Shakespeare's Tragedy of Othello: The Moor of Venice (Google eBook)

Front Cover
Harper & Brothers, 1879 - 214 pages
0 Reviews
  

What people are saying - Write a review

We haven't found any reviews in the usual places.

Common terms and phrases

Popular passages

Page 52 - Took once a pliant hour, and found good means To draw from her a prayer of earnest heart That I would all my pilgrimage dilate, Whereof by parcels...
Page 97 - O now, for ever, Farewell the tranquil mind ! Farewell content ! Farewell the plumed troop, and the big wars, That make ambition virtue ! O, farewell ! Farewell the neighing steed, and the shrill trump, The spirit-stirring drum, the ear-piercing fife, The royal banner ; and all quality. Pride, pomp, and circumstance of glorious war...
Page 51 - scapes i' the imminent deadly breach ; Of being taken by the insolent foe, And sold to slavery; of my redemption thence, And portance in my travel's history : Wherein of antres vast, and deserts idle, Rough quarries, rocks, and hills, whose heads touch heaven, It was my hint to speak ; such was the process \ And of the cannibals that each other eat. The Anthropophagi, and men whose heads Do grow beneath their shoulders.
Page 120 - Yet could I bear that too ; well, very well : But there, where I have garner'd up my heart, Where either I must live or bear no life, The fountain from the which my current runs, Or else dries up...
Page 148 - When you shall these unlucky deeds relate, Speak of me as I am ; nothing extenuate, Nor set down aught in malice: then must you speak Of one that...
Page 45 - Damn'd as thou art, thou hast enchanted her; For I'll refer me to all things of sense, If she in chains of magic were not bound, Whether a maid so tender, fair, and happy, So opposite to marriage that she shunn'd The wealthy curled darlings of our nation, Would ever have, to incur a general mock, Run from her guardage to the sooty bosom 70 Of such a thing as thou to fear, not to delight.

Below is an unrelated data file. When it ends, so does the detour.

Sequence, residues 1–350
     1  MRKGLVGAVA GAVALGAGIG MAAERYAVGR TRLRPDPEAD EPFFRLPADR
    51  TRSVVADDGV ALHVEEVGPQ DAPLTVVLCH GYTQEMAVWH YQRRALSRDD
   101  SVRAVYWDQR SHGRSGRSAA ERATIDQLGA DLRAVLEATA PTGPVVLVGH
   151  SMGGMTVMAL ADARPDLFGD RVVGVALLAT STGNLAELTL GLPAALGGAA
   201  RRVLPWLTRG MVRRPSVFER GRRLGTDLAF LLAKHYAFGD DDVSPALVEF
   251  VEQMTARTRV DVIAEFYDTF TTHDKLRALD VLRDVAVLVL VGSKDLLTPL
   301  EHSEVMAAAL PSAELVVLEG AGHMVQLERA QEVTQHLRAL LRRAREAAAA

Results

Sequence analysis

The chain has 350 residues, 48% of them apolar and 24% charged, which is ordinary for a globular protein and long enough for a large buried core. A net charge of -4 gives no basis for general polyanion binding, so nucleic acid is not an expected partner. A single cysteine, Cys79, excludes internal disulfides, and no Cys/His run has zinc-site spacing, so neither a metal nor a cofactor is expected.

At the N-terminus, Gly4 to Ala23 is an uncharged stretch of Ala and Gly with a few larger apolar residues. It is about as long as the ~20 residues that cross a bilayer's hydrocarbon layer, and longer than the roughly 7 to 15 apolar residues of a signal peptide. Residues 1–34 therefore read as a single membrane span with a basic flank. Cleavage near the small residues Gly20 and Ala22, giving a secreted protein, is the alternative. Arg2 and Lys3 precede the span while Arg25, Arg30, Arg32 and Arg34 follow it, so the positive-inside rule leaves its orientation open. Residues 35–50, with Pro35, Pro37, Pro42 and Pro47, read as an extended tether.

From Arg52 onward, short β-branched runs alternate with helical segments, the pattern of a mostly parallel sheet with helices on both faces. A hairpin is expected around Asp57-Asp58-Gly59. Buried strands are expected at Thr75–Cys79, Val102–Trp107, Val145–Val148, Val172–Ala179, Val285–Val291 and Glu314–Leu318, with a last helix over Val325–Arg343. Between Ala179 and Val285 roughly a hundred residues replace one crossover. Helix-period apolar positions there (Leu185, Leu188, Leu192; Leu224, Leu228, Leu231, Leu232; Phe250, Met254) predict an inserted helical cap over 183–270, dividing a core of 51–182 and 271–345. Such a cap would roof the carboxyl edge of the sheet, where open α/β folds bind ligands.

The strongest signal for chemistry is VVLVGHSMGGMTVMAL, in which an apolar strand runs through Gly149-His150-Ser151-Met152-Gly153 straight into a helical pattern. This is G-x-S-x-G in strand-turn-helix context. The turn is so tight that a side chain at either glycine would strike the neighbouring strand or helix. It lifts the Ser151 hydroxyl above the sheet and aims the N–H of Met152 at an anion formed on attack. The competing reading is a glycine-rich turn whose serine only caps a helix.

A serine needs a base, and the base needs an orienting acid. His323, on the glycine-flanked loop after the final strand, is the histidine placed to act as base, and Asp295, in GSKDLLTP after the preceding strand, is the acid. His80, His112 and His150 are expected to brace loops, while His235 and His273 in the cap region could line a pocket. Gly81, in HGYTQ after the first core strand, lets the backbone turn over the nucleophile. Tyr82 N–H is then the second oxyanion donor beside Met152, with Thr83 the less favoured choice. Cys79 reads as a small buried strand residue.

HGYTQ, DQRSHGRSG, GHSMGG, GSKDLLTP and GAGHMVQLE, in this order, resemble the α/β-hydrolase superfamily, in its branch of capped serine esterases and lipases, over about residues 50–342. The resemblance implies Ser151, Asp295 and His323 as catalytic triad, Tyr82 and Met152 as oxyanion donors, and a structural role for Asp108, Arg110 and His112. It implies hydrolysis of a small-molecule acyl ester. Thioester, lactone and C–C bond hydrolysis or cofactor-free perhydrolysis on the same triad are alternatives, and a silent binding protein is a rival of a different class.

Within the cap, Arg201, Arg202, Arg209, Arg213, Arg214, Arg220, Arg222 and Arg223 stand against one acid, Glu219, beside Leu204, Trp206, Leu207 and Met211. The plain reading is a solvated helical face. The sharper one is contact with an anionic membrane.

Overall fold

Page 57 - tis in ourselves, that we are thus, or thus. Our bodies are our gardens ; to the which, our wills are gardeners : so that if we will plant nettles, or sow lettuce ; set hyssop, and weed up thyme ; supply it with one gender of herbs, or distract it with many ; either to have it sterile with idleness, or manured with industry ; why, the power and corrigible authority of this lies in our wills.
Page 32 - As I am an honest man, I thought you had received some bodily wound ; there is more offence in that than in reputation. Reputation is an idle and most false imposition ; oft got without merit, and lost without deserving : you have lost no reputation at all, unless you repute yourself such a loser.
Page 96 - I will in Cassio's lodging lose this napkin, And let him find it. Trifles light as air Are to the jealous confirmations strong As proofs of holy writ This may do something.
Page 91 - Good name in man and woman, dear my lord, Is the immediate jewel of their souls : Who steals my purse steals trash ; 'tis something, nothing ; "Twas mine, 'tis his, and has been slave to thousands ; But he that filches from me my good name Robs me of that which not enriches him, And makes me poor indeed.

Bibliographic information